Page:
Anthony T. LoSasso, PhD
Associate Professor, Health Policy & Administration
School of Public Health, University of Illinois at Chicago

The Health Care Safety Net and Crowd-Out of
Private Health Insurance


November 17, 2006
12:00 - 1:30 PM

Colonial Penn Center Auditorium

Abstract Paper

Biosketch:
Dr. Lo Sasso is an economist and applied econometrician whose research spans several dimensions of health and labor economics and health services research. He is currently in the final year of a 5-year Independent Scientist Award from the Agency for Healthcare Research and Quality studying workplace health benefits and how they affect employee health. As part of this broad research agenda, Dr. Lo Sasso has recently completed a study funded by the National Institute of Mental Health to examine the impact of an expansion of mental health benefits on cost and quality of care at a Fortune 50 manufacturing firm. In addition, Dr. Lo Sasso is currently studying the nascent consumer-driven health care movement and its potential impact on employer-sponsored health insurance and employee health. Other recent research has examined the effect of copayment levels on the use of employer-provided substance abuse benefits. Additionally, he has explored the extent of so-called “responsible purchasing” by employers: the degree to which employers collect and use non-financial information in selecting and managing employee health care plans. Dr. Lo Sasso is also keenly interested in how government policies affect private sector decisions. He has studied the impact of the State Children’s Health Insurance Program on uninsurance among children and the extent to which public coverage may have “crowded out” private coverage of children. He currently has a grant to study how community rating provisions in state non-group health insurance markets affect non-group health insurance coverage and uninsurance. Dr. Lo Sasso also has recently completed a project funded by the Robert Wood Johnson Foundation’s Changes in Health Care Financing and Organization initiative to study how the availability of safety net health care services affects the willingness of firms to offer health insurance and the willingness of employees to take-up health insurance when it is offered.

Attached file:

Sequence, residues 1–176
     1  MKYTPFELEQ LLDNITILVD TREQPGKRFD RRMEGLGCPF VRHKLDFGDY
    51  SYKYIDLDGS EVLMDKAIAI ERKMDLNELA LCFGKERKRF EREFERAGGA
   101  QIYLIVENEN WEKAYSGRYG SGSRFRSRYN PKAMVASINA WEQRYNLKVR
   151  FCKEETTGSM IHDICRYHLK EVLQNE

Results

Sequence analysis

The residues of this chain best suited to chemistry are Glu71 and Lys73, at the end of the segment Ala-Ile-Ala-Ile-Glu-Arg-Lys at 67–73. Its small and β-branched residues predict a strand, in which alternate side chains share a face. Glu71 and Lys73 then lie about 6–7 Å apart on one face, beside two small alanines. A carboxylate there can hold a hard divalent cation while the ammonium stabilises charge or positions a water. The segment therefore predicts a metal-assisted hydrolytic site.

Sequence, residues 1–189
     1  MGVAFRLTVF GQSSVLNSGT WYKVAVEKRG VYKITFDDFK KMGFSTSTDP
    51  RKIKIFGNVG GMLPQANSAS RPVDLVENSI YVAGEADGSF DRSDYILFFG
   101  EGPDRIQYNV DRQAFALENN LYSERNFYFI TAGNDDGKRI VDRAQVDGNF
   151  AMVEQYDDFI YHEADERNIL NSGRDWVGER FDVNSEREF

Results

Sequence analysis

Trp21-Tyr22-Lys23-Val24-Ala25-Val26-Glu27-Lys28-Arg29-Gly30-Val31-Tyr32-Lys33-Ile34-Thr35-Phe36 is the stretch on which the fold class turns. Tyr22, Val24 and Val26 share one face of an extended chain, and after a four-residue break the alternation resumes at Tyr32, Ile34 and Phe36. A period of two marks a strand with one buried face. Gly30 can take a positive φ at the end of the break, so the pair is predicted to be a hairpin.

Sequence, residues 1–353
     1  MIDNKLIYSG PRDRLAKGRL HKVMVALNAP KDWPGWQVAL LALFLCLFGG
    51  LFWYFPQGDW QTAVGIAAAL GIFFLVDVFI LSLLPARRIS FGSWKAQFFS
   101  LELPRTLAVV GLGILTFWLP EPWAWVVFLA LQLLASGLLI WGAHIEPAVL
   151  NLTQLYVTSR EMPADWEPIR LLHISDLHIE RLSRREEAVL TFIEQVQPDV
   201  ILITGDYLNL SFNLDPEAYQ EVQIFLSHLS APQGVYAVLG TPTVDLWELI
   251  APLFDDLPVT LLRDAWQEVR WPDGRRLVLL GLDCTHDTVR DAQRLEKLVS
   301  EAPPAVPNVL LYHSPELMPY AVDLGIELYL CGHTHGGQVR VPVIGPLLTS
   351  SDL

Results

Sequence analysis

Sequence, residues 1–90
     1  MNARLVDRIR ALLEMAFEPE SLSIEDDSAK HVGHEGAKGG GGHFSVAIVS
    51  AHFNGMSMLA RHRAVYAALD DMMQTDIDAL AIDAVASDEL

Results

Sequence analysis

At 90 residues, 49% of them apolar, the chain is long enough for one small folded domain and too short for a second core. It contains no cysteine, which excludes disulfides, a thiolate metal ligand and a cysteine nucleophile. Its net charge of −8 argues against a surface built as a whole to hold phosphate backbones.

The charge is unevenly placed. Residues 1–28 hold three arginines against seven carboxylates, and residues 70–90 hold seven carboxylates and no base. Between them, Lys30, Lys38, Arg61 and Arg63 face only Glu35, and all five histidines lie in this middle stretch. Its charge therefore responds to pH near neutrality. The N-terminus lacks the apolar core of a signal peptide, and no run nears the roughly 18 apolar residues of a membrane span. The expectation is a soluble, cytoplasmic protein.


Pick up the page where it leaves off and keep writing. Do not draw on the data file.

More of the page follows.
Abstract:
There is an extensive literature on the extent to which public health insurance coverage through Medicaid induces less private health insurance coverage. However, little is known about the effect of other components of the health care safety net in crowding out private coverage. We examine the effect of Medicaid and uncompensated care provided by clinics and hospitals on insurance coverage. We construct a long panel of state-level data on hospital uncompensated care and free and reduced price care offered by Federally Qualified Health Centers. We match this information to individual level data on coverage from the Current Population Survey for two distinct groups: children aged 14 and under and single, childless adults aged 18 to 64. Our results provide mixed evidence on the extent of crowd-out. Hospital uncompensated care does not appear to crowd-out health insurance coverage and health center uncompensated care appears to crowd-out private coverage for adults and, in some specifications, children.

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The Leonard Davis Institute of Health Economics.
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